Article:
BJÖRK, DAVID GILMOUR and Brian Eno are just some of the artists who have taken their music into the ever-expanding universe of the app, splicing conventional audio tracks with images, video and interactive content. The smartphone variations of these products have proved popular, but it's within the luxury, big-screen galaxy of the iPad and its surrounding moons that the Album As App really comes to life. The latest catalogue to experience the iPad upgrade is that of The Doors a move driven by Elektra Records supremo Jac Holzman, a man who's always kept a weather eye on advances in music technology. Holzman spoke to MOJO about The Doors app, expanding on the possibilities of this new music experience and what's next for the good ol' long player. When the music's over, turn out the light? Not a bit of it.
Let's start with the Doors app. How did that start?
Well, I've been in involved with a whole bunch of technology stuff over the years. I was chief technologist of Warner Communications, I did the CD implementation for the music group Cable and was one of three directors at Atari. I'm always interested in the point where the arts meet technology and how one can advance the other. I was looking at apps and the story you can tell through them. I thought that this would be great for The Doors 40th anniversary edition of L.A Woman so I got the go-ahead and started to work on the project. Then, as I got into it, I realized that this thing was much, much bigger.
What can we expect?
There are 12 sections: one devoted to each of The Doors' albums, one devoted to the 1968 European tour, there's a chapter on Jim and one devoted to the aftermath of his death. I also found wonderful Doors articles from Patti Smith and Hunter S. Thompson. We then asked 'how do you tell the story of the Miami incident [where Morrison was arrested onstage in March 1969 for alleged indecent exposure]?' We came up with the idea of doing it as an in-app graphic novel. We have the FBI files, Jim's testimony and reams of legal documents. You can also hear audio from the incident itself. In total, there are over 1400 items - 44 short videos, tickets, memorabilia, lots of photographs, all The Doors' lyrics. You can play 90 seconds of every track and if you have the song in your iTunes library you play the whole thing through the app. Then, of course, there are the social networking opportunities as well. All created by a team of six.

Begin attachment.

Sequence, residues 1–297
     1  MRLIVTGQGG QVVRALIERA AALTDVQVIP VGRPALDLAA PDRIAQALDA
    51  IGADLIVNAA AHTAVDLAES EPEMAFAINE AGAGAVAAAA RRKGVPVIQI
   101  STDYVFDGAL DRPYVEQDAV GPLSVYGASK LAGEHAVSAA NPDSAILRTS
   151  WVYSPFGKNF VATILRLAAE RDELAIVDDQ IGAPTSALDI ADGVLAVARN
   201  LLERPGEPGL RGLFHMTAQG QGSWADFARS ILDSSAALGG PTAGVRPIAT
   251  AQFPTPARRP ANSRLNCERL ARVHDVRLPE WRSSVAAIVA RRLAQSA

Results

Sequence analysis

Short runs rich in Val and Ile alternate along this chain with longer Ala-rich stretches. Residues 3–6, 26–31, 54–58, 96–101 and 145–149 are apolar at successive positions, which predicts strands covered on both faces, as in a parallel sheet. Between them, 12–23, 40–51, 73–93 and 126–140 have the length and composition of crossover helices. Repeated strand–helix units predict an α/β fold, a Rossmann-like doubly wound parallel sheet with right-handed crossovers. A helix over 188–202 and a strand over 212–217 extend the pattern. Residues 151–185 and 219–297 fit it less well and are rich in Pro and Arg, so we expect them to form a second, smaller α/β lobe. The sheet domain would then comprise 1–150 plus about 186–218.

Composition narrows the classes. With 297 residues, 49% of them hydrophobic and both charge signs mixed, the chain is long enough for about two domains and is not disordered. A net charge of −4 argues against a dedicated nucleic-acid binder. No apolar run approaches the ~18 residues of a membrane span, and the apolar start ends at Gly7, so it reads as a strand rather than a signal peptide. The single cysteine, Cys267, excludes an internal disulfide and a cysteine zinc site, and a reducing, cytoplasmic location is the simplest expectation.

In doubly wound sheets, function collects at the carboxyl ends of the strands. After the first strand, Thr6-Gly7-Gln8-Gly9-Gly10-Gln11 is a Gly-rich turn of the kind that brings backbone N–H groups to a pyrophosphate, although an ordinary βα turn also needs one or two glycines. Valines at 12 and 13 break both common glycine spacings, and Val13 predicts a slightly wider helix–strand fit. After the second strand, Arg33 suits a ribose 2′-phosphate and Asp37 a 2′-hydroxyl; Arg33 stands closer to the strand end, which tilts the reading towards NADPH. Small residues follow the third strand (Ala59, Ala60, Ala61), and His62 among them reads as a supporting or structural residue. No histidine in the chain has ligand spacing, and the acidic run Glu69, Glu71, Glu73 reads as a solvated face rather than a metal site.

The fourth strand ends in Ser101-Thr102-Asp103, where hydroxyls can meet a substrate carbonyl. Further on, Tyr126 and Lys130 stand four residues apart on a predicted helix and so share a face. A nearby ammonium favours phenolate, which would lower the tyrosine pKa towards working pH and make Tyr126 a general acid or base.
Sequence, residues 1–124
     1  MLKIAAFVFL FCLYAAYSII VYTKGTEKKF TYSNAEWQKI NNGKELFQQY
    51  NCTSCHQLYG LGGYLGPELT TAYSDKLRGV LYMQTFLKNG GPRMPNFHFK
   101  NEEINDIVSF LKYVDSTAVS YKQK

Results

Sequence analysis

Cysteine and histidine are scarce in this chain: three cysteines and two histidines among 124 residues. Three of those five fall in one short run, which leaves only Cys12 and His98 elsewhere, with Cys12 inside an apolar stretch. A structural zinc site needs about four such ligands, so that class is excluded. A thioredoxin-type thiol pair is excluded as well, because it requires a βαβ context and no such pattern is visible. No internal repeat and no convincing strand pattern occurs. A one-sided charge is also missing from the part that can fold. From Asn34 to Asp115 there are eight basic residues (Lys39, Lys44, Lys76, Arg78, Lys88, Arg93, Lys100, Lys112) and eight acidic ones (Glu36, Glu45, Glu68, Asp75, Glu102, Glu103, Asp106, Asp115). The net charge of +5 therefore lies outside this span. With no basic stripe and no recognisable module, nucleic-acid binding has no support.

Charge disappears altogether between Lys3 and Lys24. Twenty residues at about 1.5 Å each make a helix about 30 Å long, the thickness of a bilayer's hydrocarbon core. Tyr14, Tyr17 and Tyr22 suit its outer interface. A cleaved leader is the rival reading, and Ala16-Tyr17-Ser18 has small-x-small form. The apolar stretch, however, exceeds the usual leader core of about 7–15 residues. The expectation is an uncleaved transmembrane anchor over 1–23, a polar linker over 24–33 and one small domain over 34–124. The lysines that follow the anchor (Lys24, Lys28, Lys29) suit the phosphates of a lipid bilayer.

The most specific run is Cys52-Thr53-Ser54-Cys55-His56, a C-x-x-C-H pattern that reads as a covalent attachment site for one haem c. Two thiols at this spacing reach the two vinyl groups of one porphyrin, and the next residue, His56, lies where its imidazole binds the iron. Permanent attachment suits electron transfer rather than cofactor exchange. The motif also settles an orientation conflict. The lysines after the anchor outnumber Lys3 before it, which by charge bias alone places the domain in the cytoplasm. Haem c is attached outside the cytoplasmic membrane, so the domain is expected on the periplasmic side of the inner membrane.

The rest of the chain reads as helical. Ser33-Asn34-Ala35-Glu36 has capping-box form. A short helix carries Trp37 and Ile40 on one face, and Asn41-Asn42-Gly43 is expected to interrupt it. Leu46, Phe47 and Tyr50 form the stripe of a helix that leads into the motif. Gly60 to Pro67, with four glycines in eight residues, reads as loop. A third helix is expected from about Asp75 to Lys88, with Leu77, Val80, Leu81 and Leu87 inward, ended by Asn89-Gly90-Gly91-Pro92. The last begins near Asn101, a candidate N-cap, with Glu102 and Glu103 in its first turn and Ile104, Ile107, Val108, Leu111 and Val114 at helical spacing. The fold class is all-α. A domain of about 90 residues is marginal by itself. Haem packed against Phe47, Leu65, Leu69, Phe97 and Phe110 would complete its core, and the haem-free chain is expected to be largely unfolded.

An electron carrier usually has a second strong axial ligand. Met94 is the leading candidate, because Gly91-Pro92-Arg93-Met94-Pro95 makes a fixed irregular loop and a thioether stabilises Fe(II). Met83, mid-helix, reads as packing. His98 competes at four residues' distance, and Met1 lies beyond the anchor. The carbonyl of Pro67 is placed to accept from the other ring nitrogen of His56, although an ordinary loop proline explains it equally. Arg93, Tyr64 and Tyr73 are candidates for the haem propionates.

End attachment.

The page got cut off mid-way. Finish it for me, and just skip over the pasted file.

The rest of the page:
“A lot of people have tried to emulate what an album is digitally... I don't think anybody has got it right”
What does the proliferation of the app mean for the future of the album?
This process changed my view of the album. I'm a guy who has made albums from 1950 until the late '90s. As a result of the development of digital, the whole business has skewed towards the singles market and a number of people, some of whom I respect, think the album is irrelevant. I don't. A single tells you about the song, but it does not tell you a lot about the artist. When you begin to hear the motifs that weave in and out of an album you begin to see the shape of that person's approach to music. A lot of people have tried to emulate what an album is digitally. iTunes made a noble try at it. I don't think anybody has got it right, but the experiments we conducted while creating this app have led me to believe that we can now approach a piece of music from many different angles.
What's the most important thing you've learnt from creating The Doors iPad app?
Most people have a primary portal through which they acquire information and music. That may be predominantly auditory, but they will always want supplementary audio and visual cues. Which means you can really approach an album from any of these directions. If you put an album on shuffle, you'll hear it differently. You may hear bad juxtapositions, but then you'll also hear magical ones. I'm looking to offer as many perspectives as possible. I think multiple perspectives are the key. This app is a real experience.
The Doors Official App is available from the App Store now.